Zahrani River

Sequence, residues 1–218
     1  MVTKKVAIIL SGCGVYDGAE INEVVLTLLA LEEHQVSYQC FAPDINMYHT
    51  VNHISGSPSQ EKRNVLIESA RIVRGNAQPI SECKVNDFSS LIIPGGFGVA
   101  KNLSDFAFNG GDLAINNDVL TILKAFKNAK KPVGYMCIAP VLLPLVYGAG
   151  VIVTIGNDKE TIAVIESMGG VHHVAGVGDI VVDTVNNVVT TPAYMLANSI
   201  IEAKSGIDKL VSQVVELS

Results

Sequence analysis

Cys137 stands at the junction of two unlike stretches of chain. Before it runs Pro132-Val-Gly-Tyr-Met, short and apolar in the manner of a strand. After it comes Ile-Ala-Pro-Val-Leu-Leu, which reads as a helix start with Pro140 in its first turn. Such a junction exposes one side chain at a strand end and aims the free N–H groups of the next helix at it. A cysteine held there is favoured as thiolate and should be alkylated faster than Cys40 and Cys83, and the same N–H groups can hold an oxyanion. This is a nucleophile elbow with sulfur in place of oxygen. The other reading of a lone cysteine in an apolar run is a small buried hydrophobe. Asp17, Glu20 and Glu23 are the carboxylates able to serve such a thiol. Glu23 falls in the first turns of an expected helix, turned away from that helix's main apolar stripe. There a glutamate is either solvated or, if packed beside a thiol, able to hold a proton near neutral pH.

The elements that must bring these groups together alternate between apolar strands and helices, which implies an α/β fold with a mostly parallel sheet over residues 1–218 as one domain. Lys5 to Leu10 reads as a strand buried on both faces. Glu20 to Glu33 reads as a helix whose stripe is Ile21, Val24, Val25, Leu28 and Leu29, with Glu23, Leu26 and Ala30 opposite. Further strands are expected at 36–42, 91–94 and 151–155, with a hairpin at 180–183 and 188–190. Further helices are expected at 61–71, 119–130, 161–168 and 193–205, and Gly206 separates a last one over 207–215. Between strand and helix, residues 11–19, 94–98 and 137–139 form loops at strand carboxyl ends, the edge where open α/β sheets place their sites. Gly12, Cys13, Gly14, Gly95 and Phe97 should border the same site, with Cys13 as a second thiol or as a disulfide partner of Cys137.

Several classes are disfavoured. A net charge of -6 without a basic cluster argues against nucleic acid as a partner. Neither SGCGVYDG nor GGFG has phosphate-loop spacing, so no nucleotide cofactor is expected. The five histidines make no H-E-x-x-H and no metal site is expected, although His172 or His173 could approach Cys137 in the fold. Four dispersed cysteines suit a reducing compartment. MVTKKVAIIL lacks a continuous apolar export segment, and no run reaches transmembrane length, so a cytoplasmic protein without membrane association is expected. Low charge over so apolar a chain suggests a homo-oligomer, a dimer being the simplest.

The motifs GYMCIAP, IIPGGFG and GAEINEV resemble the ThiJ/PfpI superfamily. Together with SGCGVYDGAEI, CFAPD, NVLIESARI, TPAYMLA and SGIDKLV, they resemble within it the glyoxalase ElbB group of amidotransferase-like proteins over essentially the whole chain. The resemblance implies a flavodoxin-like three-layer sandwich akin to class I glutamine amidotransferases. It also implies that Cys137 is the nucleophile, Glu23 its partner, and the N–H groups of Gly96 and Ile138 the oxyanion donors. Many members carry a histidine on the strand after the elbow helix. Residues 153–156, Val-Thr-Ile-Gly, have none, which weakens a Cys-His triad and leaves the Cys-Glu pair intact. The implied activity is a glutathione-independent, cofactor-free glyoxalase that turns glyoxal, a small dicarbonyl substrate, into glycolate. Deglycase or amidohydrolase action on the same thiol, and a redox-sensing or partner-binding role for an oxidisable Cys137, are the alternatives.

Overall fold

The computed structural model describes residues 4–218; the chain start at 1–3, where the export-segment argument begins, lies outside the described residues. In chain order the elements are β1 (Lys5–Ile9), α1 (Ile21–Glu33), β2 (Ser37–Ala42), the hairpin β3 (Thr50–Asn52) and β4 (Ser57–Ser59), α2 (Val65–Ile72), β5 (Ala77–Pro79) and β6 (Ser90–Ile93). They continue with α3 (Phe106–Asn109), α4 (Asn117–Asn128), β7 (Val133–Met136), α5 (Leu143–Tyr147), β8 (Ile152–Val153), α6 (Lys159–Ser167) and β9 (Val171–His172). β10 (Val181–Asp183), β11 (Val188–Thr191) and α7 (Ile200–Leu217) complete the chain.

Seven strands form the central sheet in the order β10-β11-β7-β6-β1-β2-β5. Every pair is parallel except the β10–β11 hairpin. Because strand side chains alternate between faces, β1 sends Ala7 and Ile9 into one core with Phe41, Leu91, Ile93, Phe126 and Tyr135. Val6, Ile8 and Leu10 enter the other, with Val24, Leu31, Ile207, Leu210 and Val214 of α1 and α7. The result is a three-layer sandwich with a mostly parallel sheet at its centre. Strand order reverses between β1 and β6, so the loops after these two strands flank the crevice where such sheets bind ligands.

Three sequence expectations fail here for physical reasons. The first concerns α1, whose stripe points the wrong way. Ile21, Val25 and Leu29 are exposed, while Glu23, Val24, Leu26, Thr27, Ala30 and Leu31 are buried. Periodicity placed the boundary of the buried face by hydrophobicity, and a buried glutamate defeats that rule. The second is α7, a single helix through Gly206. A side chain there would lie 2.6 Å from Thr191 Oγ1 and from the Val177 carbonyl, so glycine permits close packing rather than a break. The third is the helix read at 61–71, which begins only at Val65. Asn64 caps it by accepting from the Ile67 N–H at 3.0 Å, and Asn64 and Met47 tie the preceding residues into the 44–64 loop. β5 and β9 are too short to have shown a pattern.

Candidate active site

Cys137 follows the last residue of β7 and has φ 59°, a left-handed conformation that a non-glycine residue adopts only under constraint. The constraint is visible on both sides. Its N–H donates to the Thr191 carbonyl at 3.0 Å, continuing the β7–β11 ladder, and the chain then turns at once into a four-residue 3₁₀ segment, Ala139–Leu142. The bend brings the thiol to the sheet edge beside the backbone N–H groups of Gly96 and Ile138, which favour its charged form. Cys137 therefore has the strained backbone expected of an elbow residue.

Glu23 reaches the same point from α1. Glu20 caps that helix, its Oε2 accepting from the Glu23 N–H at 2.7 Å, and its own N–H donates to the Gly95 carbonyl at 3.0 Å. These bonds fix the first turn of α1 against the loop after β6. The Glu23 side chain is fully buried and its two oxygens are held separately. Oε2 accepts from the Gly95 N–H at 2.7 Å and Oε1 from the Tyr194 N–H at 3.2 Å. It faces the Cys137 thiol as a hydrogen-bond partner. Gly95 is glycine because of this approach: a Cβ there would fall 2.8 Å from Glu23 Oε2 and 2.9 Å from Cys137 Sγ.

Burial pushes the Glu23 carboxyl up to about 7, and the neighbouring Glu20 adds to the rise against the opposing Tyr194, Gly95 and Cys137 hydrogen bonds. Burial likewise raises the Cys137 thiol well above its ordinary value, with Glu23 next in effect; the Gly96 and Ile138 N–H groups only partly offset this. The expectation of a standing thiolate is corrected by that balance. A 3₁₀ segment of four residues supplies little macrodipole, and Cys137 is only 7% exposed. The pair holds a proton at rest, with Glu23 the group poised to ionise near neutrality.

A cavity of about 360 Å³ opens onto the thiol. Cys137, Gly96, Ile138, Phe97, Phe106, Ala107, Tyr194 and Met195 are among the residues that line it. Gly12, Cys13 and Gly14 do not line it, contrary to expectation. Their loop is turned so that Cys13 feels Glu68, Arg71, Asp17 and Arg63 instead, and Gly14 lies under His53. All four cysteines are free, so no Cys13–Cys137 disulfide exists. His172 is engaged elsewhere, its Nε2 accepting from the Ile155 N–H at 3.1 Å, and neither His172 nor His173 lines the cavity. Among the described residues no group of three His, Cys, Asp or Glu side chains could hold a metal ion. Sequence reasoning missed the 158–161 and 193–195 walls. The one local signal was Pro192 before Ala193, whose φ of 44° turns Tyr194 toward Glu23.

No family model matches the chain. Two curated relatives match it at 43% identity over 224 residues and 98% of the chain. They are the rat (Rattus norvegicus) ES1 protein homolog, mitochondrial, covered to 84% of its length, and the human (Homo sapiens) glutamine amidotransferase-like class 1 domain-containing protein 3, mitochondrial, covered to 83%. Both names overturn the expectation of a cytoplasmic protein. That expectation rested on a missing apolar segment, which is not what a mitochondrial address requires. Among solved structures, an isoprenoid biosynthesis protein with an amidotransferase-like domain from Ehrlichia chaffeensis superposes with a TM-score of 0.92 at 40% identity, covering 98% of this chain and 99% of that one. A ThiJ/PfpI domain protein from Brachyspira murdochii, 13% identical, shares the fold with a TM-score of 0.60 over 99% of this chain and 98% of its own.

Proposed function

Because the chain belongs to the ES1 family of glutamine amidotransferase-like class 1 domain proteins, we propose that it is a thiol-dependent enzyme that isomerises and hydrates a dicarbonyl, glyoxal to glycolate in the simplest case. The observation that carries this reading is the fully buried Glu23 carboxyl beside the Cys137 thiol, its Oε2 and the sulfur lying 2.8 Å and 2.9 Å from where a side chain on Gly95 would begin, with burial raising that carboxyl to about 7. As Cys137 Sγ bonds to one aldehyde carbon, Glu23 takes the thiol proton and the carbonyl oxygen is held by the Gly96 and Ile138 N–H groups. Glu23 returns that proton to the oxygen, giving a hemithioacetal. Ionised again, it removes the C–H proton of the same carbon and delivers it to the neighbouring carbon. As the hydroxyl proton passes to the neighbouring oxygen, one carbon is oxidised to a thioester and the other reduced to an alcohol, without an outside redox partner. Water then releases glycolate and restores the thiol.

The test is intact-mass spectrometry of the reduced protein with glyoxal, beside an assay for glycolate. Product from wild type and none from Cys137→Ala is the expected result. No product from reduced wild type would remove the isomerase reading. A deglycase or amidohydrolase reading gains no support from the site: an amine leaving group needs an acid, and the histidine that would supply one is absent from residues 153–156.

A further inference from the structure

The Zahrani River was one of several encountered by Australian troops during their operations in Lebanon that ran through steep wadis and cut the coastal road, thus making them significant obstacles. As they had along most of these river barriers, the Vichy French had sited defences along the Zahrani. Overcoming these was vital for the Australians, not only to continue their advance up the coast, but also to take control of a road that ran inland along the Zahrani's south bank. Forming the advanced guard of the 21st Brigade, the 2/14th Brigade attacked the Zahrani defences on the morning of 11 June 1941. The battalion's original plan to mount a diversion with one company along the coast road, while another two cut the lateral road and sought to outflank the Vichy French to the east, went awry when one of the flanking companies was unable to move into place in time. The plan subsequently adopted lacked imagination and gave the battalion little chance of success. It attacked with two companies across the flat, open plains west of the coastal road and was stopped dead in its tracks by heavy machine gun fire and a counter-attack by Vichy tanks. The attack was renewed by the 2/27th Battalion the next day. Two companies were sent out to the east, outflanked the Vichy defences on the south bank of the Zahrani, and then managed to cross despite being subjected to heavy fire. They then proceeded to capture the defences overlooking the river taking 40 prisoners and a number of mortars and machine-guns. West of the coastal road, Australian artillery had driven the Vichy tanks back allowing the 2/27th's Carrier Platoon to drive along the beach and attack the Vichy position defending the road bridge from the flank. It was captured and held. By nightfall on 12 June, the Australian advance guard was 5 kilometers north of the Zahrani, heding for the key objective of Sidon.